Dernier ajout : 20 mars.
Antony Osler, "Buddhist monk, human rights advocate, farmer, father" and the Herman Charles Bosman of the Karoo, has created a haven for jangled nerves with this exquisitely produced collection of anecdotes, Zen philosophy, personal thoughts and acute observations, plentifully illustrated with photographs, some breathtakingly beautiful, others quirky and entirely whimsical.
From bestselling author and beloved teacher Lama Surya Das comes a thorough, engaging, and user-friendly guide to the teachings of Buddhism.
At the age of fourty-one, Machig Labdron stayed in a retreat cave in Chipug which was blessed for practice. On the fourth day of the last month of spring, in the middle of the night, the majestic Lady Tara appeared, surrounded by numerous dakinis. She bestowed on Machig the four initiations of the five primordial Buddhas according to the Udumvara Tantra ...
John Malkin interviews Gabriel Constans, author of "Buddha’s Wife" which recreates the life of Yasodhara. The book is said to engage readers in the complexity of issues many women have raised about Gotama the Buddha’s life and practice.
Idris Lahore’s The Silence of the Body is written with such clarity that it reads like a series of Haiku poems, each of them awakening what is most profound in us. The Socratic dictum, “Know thyself, and you shall know the universe and the gods,” is the leitmotif that runs throughout the book.
This lecture is mainly dealing with five successive paths on which a bodhisattva develops.
Religion (Dharma) is a means to leave suffering and attain happiness. Shakyamuni Buddha taught four noble truths: The truths of suffering and the cause of suffering, and the truths of cessation of suffering and the path to the cessation of suffering. We must recognize and remove the first two and realize through practice the second two.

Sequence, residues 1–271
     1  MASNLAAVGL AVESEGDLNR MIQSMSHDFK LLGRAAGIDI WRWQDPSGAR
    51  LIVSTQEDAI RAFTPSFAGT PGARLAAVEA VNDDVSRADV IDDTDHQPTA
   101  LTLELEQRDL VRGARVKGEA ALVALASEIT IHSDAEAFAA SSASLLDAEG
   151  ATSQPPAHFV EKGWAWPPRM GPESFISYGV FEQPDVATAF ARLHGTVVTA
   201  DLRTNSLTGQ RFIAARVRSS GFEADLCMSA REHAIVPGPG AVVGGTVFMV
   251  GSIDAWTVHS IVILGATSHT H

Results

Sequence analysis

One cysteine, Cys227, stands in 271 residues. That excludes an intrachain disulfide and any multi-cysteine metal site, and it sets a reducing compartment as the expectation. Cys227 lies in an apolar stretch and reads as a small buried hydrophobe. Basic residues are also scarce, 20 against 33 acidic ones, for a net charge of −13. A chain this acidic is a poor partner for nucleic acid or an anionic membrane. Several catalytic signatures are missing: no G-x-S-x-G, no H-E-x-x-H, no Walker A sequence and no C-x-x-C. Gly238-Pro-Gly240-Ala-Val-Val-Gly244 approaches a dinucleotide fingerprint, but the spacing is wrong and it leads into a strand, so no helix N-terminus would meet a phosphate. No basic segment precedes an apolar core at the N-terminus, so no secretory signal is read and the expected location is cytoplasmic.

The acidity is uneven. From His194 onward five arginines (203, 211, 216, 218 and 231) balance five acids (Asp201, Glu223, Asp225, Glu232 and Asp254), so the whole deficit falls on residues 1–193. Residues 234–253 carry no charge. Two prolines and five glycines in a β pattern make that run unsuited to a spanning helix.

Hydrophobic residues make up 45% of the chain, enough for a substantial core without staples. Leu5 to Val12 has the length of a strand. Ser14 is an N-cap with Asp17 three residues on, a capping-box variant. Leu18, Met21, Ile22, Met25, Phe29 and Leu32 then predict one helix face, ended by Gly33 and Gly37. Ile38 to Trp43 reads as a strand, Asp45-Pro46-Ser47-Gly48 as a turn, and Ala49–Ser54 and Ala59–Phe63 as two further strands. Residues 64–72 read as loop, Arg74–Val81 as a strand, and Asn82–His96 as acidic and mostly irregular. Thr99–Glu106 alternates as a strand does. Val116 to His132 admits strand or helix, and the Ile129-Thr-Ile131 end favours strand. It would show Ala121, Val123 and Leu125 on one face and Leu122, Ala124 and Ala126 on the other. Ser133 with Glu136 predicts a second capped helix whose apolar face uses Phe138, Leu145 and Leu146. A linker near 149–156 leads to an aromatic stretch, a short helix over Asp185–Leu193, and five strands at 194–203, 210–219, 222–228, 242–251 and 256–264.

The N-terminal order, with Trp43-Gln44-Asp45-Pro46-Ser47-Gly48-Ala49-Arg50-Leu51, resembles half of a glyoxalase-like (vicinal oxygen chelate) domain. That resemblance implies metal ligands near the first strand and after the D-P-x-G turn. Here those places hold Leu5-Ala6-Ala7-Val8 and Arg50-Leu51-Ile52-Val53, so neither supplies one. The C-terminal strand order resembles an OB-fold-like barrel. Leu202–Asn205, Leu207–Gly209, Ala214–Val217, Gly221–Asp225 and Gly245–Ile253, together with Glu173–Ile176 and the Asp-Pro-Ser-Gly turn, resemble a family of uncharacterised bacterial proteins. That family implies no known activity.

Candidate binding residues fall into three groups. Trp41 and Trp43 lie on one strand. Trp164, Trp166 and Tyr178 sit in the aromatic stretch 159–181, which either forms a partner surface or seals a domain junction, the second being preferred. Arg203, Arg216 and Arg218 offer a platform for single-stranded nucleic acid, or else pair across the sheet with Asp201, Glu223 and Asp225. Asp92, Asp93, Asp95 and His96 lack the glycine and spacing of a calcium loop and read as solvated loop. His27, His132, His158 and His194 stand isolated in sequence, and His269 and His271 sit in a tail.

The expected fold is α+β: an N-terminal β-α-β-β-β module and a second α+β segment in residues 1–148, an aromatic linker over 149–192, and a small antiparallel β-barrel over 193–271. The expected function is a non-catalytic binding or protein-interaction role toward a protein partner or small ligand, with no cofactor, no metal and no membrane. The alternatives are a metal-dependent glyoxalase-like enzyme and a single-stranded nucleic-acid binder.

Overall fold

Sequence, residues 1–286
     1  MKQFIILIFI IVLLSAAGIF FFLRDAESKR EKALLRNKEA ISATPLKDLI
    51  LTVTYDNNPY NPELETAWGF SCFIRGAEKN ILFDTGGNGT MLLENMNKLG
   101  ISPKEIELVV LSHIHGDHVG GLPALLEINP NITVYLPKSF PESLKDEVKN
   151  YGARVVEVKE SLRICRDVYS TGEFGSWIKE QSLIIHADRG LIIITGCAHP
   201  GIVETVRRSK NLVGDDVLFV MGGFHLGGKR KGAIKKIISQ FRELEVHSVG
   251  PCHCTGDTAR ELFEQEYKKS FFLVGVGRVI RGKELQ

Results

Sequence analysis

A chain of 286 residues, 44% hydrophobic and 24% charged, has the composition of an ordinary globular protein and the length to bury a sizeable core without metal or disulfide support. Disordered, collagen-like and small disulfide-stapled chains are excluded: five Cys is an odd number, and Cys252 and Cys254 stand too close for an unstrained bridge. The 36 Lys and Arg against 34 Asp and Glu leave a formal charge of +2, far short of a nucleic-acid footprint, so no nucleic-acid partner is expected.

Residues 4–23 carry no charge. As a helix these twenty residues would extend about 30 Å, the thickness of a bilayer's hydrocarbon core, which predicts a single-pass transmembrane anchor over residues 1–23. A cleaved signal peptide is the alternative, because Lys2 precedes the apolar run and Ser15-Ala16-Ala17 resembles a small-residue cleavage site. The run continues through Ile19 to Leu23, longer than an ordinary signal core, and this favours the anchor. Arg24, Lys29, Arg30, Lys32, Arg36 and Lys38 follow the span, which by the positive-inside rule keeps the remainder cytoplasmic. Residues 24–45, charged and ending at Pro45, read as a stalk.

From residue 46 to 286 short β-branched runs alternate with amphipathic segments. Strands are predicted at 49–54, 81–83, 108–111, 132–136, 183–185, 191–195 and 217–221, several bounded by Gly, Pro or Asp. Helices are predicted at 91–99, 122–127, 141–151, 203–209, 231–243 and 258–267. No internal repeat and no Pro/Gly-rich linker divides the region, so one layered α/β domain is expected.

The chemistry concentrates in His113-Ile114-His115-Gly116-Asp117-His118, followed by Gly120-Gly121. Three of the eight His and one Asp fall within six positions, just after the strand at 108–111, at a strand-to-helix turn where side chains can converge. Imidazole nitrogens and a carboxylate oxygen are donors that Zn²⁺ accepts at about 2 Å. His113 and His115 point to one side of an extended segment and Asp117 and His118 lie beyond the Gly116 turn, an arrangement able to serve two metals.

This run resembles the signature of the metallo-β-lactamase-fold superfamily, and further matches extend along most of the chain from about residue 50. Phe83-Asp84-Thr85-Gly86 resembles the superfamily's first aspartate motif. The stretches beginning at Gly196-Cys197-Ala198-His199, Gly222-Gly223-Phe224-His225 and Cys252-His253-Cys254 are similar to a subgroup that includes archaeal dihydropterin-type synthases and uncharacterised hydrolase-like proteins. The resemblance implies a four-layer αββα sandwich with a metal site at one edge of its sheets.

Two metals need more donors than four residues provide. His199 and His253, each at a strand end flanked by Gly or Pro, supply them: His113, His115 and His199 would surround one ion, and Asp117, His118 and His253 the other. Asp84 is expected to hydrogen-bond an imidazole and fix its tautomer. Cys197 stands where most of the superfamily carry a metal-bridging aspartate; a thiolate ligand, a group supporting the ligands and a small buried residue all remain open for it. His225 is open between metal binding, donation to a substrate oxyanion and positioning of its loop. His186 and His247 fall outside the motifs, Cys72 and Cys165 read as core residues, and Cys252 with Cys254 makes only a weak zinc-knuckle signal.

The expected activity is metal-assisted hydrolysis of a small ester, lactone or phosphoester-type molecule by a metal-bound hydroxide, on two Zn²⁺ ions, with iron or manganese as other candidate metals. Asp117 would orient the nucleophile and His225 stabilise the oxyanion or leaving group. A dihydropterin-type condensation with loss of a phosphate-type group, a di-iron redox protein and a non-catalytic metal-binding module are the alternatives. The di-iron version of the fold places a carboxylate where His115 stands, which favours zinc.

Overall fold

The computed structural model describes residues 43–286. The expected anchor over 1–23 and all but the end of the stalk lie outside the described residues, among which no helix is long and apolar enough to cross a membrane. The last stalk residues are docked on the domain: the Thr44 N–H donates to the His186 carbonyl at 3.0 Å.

We can understand this deep subject by considering the simple example of physical illness. When we are sick, we suffer, and look for the underlying cause—a disease or other disorder. When we realize that the illness is curable we see that our suffering can cease and seek treatment—the path to the cessation of this suffering.
The following text is an expanded explanation of these four noble truths, and of how we can follow a path that leads us out of suffering to the attainment of happiness, not only for ourselves, but for all beings.
We’ve all been there before, the knots in your stomach, the butterflies…. then the realization after the fact that you should have listened to your gut. We’re learning more about the science behind our gut reactions and need to listen up much more often.
Mindfulness, the Buddhist principle of being fully aware of the present, is at the heart of Lilian Cheung’s collaborative book “Savor: Mindful Eating, Mindful Life,” written with Thich Nhat Hanh, a renowned Buddhist monk and author of “Peace Is Every Step: The Path of Mindfulness in Everyday Life.”
Reviewed By Daniel Capper Department of Philosophy and Religious Studies Hartwick College firstname.lastname@example.org